Role of cardiac myocyte tissue factor in heart hemostasis

Authors


Nigel Mackman, Division of Hematology/Oncology, 917 Mary Ellen Jones Bldg, CB #7035, Chapel Hill, NC 27599, USA.
Tel.: +1 919 843 3961; fax: +1 919 966 7639; e-mail: nmackman@med.unc.edu

Abstract

Summary. Background: The tissue-specific pattern of tissue factor (TF) expression suggests that it plays a major role in the hemostatic protection of specific organs, such as the heart and lung. In support of this notion, we found that mice expressing very low levels of TF exhibit hemostatic defects in the heart and lung. Hemosiderosis and fibrosis are observed in the hearts of all low TF mice as early as 3 months of age. In contrast, TF+/– mice expressing ∼50% of wild-type levels of TF had no detectable hemostatic defects. Objective and methods: The objective of this study was to determine the threshold of TF that is required to maintain hemostasis under normal and pathologic conditions, and to investigate the specific role of cardiac myocyte TF in heart hemostasis using mice with altered levels of TF expression in cardiac myocytes. Results: First, we found that mice with 20% of wild-type levels of TF activity in their hearts had hemosiderosis and fibrosis by 6 months of age. Secondly, mice with a selective deletion of the TF gene in cardiac myocytes had a mild hemostatic defect under normal conditions but exhibited a significant increase in hemosiderosis and fibrosis after challenge with isoproterenol. Finally, we showed that cardiac myocyte-specific overexpression of TF abolished hemosiderin deposition and fibrosis in the hearts of low TF mice. Conclusions: Taken together, our results indicate that TF expression by cardiac myocytes is important to maintain heart hemostasis under normal and pathologic conditions.

Introduction

Tissue factor (TF) is the primary cellular activator of blood coagulation and binds factor VII/factor VIIa (FVII/VIIa) [1]. Its expression by adventitial fibroblasts, pericytes, and vascular smooth muscle cells provides a hemostatic envelope around blood vessels [2]. In addition, TF is expressed by cardiac myocytes in the heart, astrocytes in the brain, and alveolar type II cells in the lung [2–4]. These data suggest that TF limits hemorrhage from damaged blood vessels, particularly in specific organs, such as the heart, lung and brain [1].

Deficiencies in various coagulation factors, such as FVIII and FIX, are associated with hemophilia [5]. In contrast, TF deficiency in humans has not been reported. Consistent with this observation, inactivation of the murine TF gene leads to 100% lethality either during embryonic development or in the perinatal period [6–8]. These results strongly suggest that TF plays an essential role in hemostasis.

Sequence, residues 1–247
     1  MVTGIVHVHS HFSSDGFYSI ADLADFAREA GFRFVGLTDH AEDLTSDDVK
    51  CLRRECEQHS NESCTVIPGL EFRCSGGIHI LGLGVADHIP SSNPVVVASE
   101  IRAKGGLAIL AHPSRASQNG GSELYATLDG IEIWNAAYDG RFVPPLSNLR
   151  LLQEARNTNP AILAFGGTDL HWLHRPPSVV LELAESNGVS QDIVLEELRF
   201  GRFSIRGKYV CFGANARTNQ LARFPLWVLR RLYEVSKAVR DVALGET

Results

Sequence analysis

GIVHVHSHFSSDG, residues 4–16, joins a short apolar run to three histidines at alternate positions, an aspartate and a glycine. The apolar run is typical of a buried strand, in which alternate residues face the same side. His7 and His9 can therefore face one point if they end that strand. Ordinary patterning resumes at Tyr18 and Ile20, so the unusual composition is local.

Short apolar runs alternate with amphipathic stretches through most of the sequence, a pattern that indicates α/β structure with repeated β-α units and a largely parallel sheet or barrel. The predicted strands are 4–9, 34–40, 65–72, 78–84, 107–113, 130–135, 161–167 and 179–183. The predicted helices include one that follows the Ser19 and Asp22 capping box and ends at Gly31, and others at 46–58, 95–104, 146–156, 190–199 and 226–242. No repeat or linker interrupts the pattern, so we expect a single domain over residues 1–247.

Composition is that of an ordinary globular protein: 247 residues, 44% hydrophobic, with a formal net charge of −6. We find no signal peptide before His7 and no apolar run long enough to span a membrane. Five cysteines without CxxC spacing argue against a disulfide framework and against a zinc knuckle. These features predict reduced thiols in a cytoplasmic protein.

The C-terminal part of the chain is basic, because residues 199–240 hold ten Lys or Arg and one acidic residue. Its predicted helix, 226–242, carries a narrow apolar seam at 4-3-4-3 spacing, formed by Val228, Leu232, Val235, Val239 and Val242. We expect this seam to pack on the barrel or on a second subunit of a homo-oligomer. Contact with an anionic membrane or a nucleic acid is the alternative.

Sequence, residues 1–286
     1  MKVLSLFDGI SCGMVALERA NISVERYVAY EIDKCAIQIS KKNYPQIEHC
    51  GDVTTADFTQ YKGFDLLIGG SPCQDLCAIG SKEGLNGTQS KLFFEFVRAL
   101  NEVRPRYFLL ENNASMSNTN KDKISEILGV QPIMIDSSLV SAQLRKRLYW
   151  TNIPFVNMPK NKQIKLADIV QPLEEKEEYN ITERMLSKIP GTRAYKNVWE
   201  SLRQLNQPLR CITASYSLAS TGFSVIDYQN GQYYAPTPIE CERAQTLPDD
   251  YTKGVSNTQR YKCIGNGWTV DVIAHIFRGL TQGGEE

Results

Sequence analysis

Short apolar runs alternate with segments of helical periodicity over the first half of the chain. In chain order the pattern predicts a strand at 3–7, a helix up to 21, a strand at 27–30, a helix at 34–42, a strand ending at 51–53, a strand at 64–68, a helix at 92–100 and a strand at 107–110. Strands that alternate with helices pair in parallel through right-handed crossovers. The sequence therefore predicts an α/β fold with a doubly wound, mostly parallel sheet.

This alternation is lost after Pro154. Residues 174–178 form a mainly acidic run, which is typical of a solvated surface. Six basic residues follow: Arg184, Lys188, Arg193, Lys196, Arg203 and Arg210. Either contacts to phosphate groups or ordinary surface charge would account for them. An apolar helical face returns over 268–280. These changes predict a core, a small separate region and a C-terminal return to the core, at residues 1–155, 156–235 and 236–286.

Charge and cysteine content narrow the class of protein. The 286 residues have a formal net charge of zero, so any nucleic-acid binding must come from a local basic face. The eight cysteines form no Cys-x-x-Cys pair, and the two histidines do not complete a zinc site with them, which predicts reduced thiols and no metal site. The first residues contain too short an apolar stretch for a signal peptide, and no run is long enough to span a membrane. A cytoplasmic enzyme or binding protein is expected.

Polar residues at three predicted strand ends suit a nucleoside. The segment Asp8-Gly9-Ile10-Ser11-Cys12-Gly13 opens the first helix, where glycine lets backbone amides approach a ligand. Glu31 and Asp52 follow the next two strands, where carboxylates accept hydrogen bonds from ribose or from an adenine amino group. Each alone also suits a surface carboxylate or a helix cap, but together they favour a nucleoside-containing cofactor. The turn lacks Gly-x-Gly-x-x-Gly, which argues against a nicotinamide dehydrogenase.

TF+/– mice express ∼50% of wild-type levels of TF and exhibit no detectable hemostatic defects [6–8]. We have previously reported that expression of a low level of TF [∼1% of wild-type levels from a human TF (hTF) transgene] is sufficient to rescue TF null embryos and to produce viable mice [9]. However, these so-called ‘low TF’ mice are prone to spontaneous hemorrhages in the lung, heart, brain, uterus and placenta [10]. We speculate that the lung and heart, because of their mechanical nature, contain blood vessels that require additional hemostatic protection. Indeed, the lungs of low-TF mice contain hemosiderin-filled macrophages [11], which is commonly associated with hemorrhage. In addition, the hearts of low-TF mice also have hemosiderin deposits and areas of fibrosis, which are likely to be due to hemorrhage from capillaries [12]. A similar heart phenotype was observed in mice expressing low levels of murine FVII but not in mice lacking FVIII or FIX [12,13]. These results suggest that TF and FVIIa are required for normal hemostasis in the heart.

Cardiac myocytes occupy as much as 75% of cardiac mass but constitute only about 30% of the total cell numbers in the heart [14]. The majority of the remaining cells are interstitial cardiac fibroblasts. These cells provide structural support for cardiac myocytes by regulating the extracellular matrix and are a source of growth factors. To date, TF expression by cardiac fibroblasts has not been reported. However, connective tissue fibroblasts surrounding blood vessels express high levels of TF, and cultured fibroblasts constitutively express TF [2,15]. Therefore, it is likely that cardiac fibroblasts also express TF.